[Deutsche Bundesbank discussion paper 16/2022 by Mark Kerssenfischer & Maik Schmeling]
A key question in the macro-finance literature concerns the drivers of asset prices. Are asset prices mainly driven by news, or by changes in sentiment and other factors unrelated to economic fundamentals? In most asset pricing models, news play a dominant role. But in empirical investigations, the explanatory power of news is often quite low.
We study the explanatory power of news by building a large, time-stamped event database covering a wealth of news related to the macroeconomy, including macroeconomic data releases, central bank announcements, bond auctions, election results, sovereign rating downgrades, and natural catastrophes. We combine this event database with high-frequency stock price and bond yield changes, both for the U.S. and the euro area, going back to 2002.
We find that roughly half of all stock and bond price movements in the U.S. and euro area occur in tight windows around clearly identifiable news and in this sense can be explained by those news. On the positive side, this share is much higher than most previous studies found. However, our results still ascribe a large role to return variation that cannot be linked to news about economic fundamentals.
Read the paper [archived PDF].
from Deutsche Bundesbank Eurosystem’s Bundesbank Research Centre:
Authors: Daniel Fricke, Stefan Greppmair, Karol Paludkiewicz
Money market funds (MMFs) are an important part of the growing segment of non-bank financial intermediaries. This paper contributes to this literature by analyzing the cross-border effects of the 2014 U.S. MMF reform, which was implemented several years prior to the EU Regulation. We study whether euro area MMFs received inflows as a consequence of the reform and investigate the (unintended) economic effects on the basis of the non-synchronized implementation dates of the regulatory changes in the U.S. and the EU.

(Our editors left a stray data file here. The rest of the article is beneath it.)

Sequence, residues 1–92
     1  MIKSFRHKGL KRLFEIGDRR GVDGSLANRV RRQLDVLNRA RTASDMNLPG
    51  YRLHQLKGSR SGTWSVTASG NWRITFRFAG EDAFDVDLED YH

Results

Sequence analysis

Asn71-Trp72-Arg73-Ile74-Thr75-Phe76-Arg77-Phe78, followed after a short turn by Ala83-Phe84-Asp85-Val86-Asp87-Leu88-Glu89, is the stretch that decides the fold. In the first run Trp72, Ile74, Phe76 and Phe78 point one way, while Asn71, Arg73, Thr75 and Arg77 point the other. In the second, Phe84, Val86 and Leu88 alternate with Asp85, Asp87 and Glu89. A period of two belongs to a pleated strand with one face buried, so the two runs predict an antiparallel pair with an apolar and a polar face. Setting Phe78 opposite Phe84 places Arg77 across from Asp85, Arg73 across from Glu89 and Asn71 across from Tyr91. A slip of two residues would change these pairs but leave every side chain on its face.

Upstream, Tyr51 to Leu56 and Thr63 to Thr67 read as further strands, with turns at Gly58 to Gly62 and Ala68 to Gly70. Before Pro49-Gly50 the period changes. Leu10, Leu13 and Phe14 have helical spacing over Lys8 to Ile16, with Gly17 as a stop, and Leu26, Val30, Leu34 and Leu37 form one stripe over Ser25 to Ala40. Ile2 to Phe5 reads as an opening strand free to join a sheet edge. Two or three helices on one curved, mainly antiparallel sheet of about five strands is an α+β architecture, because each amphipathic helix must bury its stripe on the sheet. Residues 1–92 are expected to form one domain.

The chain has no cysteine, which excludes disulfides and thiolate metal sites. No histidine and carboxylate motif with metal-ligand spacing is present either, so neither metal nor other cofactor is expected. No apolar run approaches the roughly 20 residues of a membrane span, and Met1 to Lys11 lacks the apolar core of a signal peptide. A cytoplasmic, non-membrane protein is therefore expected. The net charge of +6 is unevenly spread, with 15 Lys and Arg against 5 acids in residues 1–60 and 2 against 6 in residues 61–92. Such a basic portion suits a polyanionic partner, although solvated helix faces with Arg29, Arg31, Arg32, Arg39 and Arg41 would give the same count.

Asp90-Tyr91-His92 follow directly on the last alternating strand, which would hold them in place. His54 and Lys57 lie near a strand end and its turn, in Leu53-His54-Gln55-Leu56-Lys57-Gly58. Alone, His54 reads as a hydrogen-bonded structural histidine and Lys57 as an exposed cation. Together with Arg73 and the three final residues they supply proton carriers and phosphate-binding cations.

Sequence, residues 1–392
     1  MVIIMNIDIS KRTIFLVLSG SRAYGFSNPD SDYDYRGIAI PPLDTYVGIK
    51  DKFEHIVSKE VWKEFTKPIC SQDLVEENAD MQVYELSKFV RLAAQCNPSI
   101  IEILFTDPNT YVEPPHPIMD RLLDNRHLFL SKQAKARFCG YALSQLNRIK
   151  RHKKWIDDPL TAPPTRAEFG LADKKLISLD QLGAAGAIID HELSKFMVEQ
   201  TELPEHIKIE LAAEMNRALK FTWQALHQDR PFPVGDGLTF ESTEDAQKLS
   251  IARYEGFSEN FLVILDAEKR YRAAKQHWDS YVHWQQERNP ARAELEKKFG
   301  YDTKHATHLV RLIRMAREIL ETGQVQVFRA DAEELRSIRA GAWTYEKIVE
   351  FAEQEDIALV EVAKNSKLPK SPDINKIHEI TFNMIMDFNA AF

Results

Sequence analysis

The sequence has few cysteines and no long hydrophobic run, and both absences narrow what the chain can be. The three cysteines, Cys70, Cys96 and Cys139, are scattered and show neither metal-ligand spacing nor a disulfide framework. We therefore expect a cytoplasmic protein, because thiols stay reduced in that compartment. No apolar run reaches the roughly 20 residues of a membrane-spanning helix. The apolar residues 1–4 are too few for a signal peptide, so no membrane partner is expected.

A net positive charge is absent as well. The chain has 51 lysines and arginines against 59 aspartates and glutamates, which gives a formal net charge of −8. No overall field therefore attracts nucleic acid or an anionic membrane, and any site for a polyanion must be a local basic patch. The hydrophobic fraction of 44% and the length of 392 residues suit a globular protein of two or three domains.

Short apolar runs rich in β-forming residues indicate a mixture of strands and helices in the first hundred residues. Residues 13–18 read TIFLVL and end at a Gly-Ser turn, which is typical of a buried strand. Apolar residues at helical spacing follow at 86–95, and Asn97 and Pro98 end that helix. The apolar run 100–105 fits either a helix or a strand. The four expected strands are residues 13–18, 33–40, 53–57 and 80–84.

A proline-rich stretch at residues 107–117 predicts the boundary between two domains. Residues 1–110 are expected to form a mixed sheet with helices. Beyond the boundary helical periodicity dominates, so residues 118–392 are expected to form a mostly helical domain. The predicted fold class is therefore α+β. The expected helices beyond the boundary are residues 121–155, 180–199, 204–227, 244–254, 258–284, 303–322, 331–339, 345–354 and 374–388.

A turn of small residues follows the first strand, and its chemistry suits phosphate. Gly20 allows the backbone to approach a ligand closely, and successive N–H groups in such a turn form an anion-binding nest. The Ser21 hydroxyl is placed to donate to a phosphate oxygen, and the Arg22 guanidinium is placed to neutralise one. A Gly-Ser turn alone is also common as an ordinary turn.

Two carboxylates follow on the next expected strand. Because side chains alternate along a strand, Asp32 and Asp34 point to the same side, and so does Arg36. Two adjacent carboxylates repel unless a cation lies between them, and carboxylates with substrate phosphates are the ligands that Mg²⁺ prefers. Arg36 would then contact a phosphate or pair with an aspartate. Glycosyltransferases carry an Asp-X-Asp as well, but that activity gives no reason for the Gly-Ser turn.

To the best of our knowledge, we are the first to examine the cross-border effects of the 2014 U.S. MMF reform. Prior work has shown that the reform led to a substantial decline of the institutional prime segment in the U.S. (MMFs that invest primarily in non-sovereign debt instruments). Moreover, these funds increased their risk-taking due to the increased competition and newly imposed liquidity restrictions left these funds more prone to large outflows (run risks).
We document both positive and negative effects of the U.S. reform on institutional MMFs in the euro area. These funds, particularly those from the prime segment, experienced substantial inflows from foreign investors around the implementation of the U.S. reform and we show that these cross-border flows were largely motivated by the search for money-like instruments. While euro area MMFs reduced their risk-taking, the industry as a whole has become more concentrated and possibly more exposed to run risks. This risk materialized in the COVID-19 induced stress period during which these funds faced large outflows by foreign investors.
Read the full discussion paper [archived PDF].
from Deutsche Bank Research, the new edition of Focus Germany:
German exports and global trade have been moving in lockstep recently and more or less ground to a halt in YoY terms. We found that the Bundesbank’s leading indicator for global industrial production leads German exports by 4 to 5 months. Recent declines in this indicator do speak against a recovery in German exports before the end of Q1 2020, despite recent signs of stabilization in German foreign order intake. (Also included in this issue: house prices in Germany, labor market, automotive industry and German politics.)
If you have any further questions, please do not hesitate to contact Deutsche Bank Research.